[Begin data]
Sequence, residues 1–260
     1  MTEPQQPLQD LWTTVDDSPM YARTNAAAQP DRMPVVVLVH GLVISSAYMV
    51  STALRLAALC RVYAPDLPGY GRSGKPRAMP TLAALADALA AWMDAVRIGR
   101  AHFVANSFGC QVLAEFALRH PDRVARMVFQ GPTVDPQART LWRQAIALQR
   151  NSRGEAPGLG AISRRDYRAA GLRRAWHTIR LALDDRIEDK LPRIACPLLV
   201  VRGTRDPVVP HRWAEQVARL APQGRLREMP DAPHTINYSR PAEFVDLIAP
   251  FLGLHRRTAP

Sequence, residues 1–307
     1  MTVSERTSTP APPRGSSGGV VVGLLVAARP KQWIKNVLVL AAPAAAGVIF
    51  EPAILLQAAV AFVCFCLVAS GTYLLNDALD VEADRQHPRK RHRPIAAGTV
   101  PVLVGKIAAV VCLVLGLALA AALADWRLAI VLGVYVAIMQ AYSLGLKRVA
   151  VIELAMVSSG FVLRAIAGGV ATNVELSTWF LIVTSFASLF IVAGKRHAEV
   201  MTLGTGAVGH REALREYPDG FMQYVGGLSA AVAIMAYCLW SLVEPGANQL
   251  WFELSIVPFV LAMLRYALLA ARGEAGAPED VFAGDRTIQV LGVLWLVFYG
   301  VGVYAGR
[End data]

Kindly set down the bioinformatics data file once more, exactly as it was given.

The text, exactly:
Sequence, residues 1–260
     1  MTEPQQPLQD LWTTVDDSPM YARTNAAAQP DRMPVVVLVH GLVISSAYMV
    51  STALRLAALC RVYAPDLPGY GRSGKPRAMP TLAALADALA AWMDAVRIGR
   101  AHFVANSFGC QVLAEFALRH PDRVARMVFQ GPTVDPQART LWRQAIALQR
   151  NSRGEAPGLG AISRRDYRAA GLRRAWHTIR LALDDRIEDK LPRIACPLLV
   201  VRGTRDPVVP HRWAEQVARL APQGRLREMP DAPHTINYSR PAEFVDLIAP
   251  FLGLHRRTAP

Sequence, residues 1–307
     1  MTVSERTSTP APPRGSSGGV VVGLLVAARP KQWIKNVLVL AAPAAAGVIF
    51  EPAILLQAAV AFVCFCLVAS GTYLLNDALD VEADRQHPRK RHRPIAAGTV
   101  PVLVGKIAAV VCLVLGLALA AALADWRLAI VLGVYVAIMQ AYSLGLKRVA
   151  VIELAMVSSG FVLRAIAGGV ATNVELSTWF LIVTSFASLF IVAGKRHAEV
   201  MTLGTGAVGH REALREYPDG FMQYVGGLSA AVAIMAYCLW SLVEPGANQL
   251  WFELSIVPFV LAMLRYALLA ARGEAGAPED VFAGDRTIQV LGVLWLVFYG
   301  VGVYAGR